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The War of the Rebellion: A Compilation of the Official Records of the Union and Confederate Armies

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OFFICIAL RECORDS: Series 1, vol 19, Part 2 (Antietam)
Page 717 Chapter XXXI. CORRESPONDENCE, ETC.-CONFEDERATE.

I am expecting here, on the 23rd instant, William M. Wadley, of Georgia, who will be places in charge of railroad transportation. from his experience and success in the management of railroads, I anticipate great benefit to our railroad and to the army.

In addition to the provisions already made by numerous contracts for clothing, shoes, and ordnance stores, I am about dispatching an experienced agent to Texas with large funds for the purpose of introducing such things through Mexico more extensively than has been done heretofore, and in the mean while I will get what I can by purchase and impressment in the Confederacy.

Very respectfully, your obedient servant,

G. W. RANDOLPH,

Secretary of War.


HEADQUARTERS ARMY OF NORTHERN VIRGINIA,
November 14, 1862.

Honorable GEORGE W. RANDOLPH,

Secretary of War, Richmond, Va.:

SIR: The enemy has made no movement of important since my last report. His main army seems to be disposed along the base of the Blue Ridge and west of the Orange and Alexandria Railroad, extending form Gainesville to Warrenton. His cavalry is advanced to the Rappahannock. Detachments of General Jackson's command have been pushed through the gaps of the Blue Ridge as far eastward as they could penetrate without serious obstruction, which have served to embarrass and produce hesitation in a forward movement of the enemy. In the skirmishes consequent upon these operations more than 300 prisoners have been captured and other damage inflicted. By the last accounts, the enemy's troops had withdrawn form the mountains beyond Bull Run range.

In the skirmish yesterday on the Rappahannock line, about 30 prisoners were taken and some few horses and arms. We lost 4 horses on our side, but no men.

The enemy is reported to have abandoned the upper part of Fauquier County, having taken from the inhabitants everything within their reach, and burned the stacks of wheat in the fields. I thought it probable that he would change his line of approach to Richmond and make a sudden descent upon Fredericksburg, from which point his line of communication with Washington would be comparatively safe. I have ordered the railroad form Fredericksburg to Aquia Creek to be entirely destroyed; the bridges, culverts, &c., to be broken; the cross-ties piles and fired, with the rails piled on top, so as to prevent their future use. I think it would be prudent to break up the road from Fredericksburg back to Hanover Junction in the same way, and the Orange and Alexandria road form the Rappahannock to Gordonsville. As the necessity is not now certain, and the loss and inconvenience to the community that would ensue apparent, I hesitate to commence it, but suggest its execution to the consideration of the Department. I am loath to add to the devastation of the country which has already occurred by the ravages of war, and yet think it prudent to throw every impediment to the progress of the enemy toward Richmond in his way. Were I certain of the route he will pursue, I should commence immediately to make it as difficult as possible. The wagon road from Gordonsville to Richmond should be put in as god condition as possible for the use of this army,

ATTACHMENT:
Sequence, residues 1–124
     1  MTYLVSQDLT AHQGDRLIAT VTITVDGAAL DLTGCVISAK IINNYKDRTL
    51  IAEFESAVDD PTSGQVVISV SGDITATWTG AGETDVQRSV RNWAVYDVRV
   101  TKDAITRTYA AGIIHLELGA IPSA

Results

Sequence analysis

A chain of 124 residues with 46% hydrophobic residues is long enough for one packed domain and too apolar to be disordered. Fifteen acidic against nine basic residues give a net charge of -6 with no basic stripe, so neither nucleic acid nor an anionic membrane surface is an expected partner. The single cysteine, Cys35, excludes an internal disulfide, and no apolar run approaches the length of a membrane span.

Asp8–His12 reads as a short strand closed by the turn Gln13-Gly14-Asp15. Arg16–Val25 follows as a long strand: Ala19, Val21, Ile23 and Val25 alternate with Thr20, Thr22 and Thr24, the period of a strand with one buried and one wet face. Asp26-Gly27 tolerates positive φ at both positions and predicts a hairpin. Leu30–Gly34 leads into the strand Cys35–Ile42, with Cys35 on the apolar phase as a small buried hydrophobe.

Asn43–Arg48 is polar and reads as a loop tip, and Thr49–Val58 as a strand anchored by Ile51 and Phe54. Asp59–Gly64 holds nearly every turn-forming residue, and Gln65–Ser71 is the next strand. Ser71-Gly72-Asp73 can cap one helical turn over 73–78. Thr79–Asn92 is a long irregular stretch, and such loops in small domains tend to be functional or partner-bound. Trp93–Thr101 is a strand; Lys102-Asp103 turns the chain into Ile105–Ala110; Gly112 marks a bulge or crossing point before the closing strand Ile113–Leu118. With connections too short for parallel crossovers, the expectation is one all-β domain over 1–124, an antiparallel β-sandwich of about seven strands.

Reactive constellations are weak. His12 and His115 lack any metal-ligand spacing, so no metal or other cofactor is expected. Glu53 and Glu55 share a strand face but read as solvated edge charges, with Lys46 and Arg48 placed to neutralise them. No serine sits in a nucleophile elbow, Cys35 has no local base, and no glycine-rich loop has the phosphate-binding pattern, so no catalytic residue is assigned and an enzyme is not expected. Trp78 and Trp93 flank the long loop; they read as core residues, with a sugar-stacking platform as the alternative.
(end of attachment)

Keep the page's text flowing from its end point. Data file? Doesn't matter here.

Page 717 Chapter XXXI. CORRESPONDENCE, ETC.-CONFEDERATE.
OFFICIAL RECORDS: Series 1, vol 19, Part 2 (Antietam)
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